Most of these AI algorithms require high-speed computational power and internet access for immediate reporting, in addition to the need for expensive desktop fundus cameras. This sets the Medios AI apart from other AI solutions, in being the first offline end-to-end solution integrated on the smart phone camera.
The Remidio FOP is an FDA510k cleared medical device validated in head-to-head studies against Topcon TRC 50DX and Zeiss FF450. It is the only smartphone-based device shown to have a high sensitivity and specificity in detection of all grades of DR, in non-mydriatic imaging.11 16 The results seen with the Medios AI using images captured from the Remidio FOP meet the FDA superiority cut-offs and are comparable to results observed with other AI algorithms, such as Google AI, EyeArt or IDx-DR for the detection of RDR.7 9 13 In a previous study by Rajalakshmi et al published in Eye, the Eyenuk AI algorithm, EyeArt was found to have very high sensitivity and specificity for detection of RDR and STDR when used on the Remidio FOP camera images (despite EyeArt not having been earlier trained on the Remidio FOP images).14
A recent study by Natarajan et al evaluated the performance of the Medios AI using dilated retinal images captured using the Remidio FOP from 231 individuals with diabetes. The images were captured by a healthcare worker in a primary healthcare community screening camp. The authors reported that the sensitivity and specificity of the AI in the diagnosis of RDR as 100% and 88.4%, and for any DR as 85.2% and 92%.17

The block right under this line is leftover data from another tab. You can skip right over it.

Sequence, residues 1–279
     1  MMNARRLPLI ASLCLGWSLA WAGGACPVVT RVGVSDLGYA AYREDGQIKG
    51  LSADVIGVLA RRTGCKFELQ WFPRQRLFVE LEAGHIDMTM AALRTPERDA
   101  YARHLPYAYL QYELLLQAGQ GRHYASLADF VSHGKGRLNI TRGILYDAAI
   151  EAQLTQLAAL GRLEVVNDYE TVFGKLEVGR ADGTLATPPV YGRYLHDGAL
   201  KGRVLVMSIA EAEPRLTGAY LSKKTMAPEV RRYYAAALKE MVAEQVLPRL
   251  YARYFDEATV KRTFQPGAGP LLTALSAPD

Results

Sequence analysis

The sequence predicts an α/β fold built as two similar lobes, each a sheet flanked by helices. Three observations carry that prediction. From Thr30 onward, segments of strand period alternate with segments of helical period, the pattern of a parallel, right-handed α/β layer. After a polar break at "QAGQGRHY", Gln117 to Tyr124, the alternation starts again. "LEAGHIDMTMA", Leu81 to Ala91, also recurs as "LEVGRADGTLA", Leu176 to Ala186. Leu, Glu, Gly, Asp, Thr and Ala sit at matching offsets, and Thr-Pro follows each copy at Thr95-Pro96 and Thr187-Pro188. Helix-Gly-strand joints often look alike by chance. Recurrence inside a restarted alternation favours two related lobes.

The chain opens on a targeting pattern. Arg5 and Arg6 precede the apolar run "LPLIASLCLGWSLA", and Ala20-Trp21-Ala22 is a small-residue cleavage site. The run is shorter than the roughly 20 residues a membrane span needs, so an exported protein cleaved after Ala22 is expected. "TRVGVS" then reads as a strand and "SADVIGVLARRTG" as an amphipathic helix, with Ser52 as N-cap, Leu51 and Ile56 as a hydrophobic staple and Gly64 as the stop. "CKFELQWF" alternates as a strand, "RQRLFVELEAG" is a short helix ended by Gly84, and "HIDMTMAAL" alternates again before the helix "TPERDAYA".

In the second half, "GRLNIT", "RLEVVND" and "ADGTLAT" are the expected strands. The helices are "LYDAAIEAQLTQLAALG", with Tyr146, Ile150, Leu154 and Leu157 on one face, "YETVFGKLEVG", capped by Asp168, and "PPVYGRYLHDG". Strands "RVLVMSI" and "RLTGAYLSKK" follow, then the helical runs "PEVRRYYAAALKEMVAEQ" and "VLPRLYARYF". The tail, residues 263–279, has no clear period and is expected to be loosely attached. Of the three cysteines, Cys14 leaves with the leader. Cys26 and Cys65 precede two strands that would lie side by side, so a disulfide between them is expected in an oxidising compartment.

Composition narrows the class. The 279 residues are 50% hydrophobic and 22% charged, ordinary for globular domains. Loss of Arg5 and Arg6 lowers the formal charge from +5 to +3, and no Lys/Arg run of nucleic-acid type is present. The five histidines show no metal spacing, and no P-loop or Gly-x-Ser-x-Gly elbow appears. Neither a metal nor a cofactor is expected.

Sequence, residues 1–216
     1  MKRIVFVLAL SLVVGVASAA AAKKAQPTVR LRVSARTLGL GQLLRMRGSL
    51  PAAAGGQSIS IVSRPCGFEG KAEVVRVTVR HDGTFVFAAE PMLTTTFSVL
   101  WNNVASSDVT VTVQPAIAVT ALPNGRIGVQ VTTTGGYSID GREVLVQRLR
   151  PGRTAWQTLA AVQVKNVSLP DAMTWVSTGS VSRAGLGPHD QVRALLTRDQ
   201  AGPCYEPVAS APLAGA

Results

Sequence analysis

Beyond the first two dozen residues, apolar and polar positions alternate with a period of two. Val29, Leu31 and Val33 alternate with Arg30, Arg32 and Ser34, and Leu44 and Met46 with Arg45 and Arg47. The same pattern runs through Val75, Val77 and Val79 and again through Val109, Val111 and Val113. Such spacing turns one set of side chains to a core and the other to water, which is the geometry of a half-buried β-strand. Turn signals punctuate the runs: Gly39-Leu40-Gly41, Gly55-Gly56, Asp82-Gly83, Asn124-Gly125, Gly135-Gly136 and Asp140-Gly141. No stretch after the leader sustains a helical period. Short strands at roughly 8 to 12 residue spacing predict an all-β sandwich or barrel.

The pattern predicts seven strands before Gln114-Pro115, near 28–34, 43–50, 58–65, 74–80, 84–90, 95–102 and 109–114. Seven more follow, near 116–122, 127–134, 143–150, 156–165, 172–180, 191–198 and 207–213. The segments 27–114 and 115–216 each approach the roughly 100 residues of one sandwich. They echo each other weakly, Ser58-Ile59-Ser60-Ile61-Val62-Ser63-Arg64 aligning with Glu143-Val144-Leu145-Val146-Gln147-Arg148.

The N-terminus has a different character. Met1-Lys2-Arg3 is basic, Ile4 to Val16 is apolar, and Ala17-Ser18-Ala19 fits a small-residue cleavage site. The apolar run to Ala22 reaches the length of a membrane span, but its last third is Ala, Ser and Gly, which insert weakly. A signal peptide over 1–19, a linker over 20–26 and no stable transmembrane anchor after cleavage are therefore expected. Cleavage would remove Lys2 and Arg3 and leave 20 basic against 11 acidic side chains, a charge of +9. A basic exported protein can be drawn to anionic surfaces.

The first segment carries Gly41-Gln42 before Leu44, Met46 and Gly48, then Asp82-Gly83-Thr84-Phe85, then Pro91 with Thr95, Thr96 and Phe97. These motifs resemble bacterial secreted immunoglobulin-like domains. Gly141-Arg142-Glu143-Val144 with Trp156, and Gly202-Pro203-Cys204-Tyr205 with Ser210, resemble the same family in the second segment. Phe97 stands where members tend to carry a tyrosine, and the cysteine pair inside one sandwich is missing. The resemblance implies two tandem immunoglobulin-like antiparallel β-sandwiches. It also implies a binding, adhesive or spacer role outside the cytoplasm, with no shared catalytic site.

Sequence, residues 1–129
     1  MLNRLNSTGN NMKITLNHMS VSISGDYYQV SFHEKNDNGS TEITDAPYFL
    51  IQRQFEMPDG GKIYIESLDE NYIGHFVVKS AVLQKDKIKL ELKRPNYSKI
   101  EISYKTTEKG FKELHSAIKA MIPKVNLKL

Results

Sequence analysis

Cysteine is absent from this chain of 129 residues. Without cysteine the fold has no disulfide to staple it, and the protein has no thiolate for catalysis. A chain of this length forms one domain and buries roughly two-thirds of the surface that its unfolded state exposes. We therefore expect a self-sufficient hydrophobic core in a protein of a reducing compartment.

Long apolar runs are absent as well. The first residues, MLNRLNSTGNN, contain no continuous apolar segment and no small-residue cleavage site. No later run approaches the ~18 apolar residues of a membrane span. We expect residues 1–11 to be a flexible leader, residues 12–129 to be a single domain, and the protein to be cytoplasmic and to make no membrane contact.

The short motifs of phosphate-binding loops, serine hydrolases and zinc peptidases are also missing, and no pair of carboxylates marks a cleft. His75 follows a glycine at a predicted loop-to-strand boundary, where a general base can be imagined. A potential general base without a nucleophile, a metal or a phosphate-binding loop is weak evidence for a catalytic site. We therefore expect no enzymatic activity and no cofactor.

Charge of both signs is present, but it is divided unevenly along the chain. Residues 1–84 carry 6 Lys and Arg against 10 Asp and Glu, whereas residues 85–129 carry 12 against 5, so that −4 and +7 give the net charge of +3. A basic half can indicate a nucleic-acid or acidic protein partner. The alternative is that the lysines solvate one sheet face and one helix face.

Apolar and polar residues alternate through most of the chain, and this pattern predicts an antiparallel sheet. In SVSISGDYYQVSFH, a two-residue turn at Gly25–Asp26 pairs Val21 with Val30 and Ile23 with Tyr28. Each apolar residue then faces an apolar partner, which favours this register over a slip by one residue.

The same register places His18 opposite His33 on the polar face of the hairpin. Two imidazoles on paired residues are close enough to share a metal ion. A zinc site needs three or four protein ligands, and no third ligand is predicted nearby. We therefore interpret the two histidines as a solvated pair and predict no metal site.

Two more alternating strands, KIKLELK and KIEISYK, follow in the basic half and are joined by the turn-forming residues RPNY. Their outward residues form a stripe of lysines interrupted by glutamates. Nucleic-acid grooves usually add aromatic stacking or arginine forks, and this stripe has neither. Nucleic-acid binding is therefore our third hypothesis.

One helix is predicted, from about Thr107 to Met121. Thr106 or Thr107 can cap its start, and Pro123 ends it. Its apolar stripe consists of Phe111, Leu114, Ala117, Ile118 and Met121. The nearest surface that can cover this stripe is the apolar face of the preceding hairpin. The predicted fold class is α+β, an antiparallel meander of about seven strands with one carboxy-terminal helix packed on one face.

There are a few differences between the study done by Natarajan et al and our study.17 Natarajan et al evaluated the AI’s performance using mydriatic images taken during community screening by healthcare workers. A sensitivity analysis was performed to assess the AI’s performance using both good quality images, and images that did not meet the minimum quality standards of the AI. In this analysis, the sensitivity of the AI for RDR remained unchanged, while the specificity dropped to 81.9%. The increase in false positive outputs were attributed to image quality. This did not translate to a concern regarding patient safety as all individuals with RDR were detected by the AI. In contrast, our study used NM images captured in a clinic setting by a trained camera technician on a larger number of individuals. Both studies demonstrate a high sensitivity and specificity for the detection of RDR. The ease of use of the device by a community healthcare worker, and results observed with both mydriatic and NM images support the use of smart phone fundus imaging and AI-based reporting for DR screening.
Cloud-based AI algorithms require internet access for real time reporting. In countries like India, where mass screening is the need of the hour, access to continuous electricity and internet is a constraint. The FOP with inbuilt offline AI can address these operational challenges in rural and urban areas in the low-income and middle-income countries with limited resources. The offline mode of AI is advantageous in the context of clinical work flow and ground deployment constraints, to ensure that DR screening can move forward without interruptions.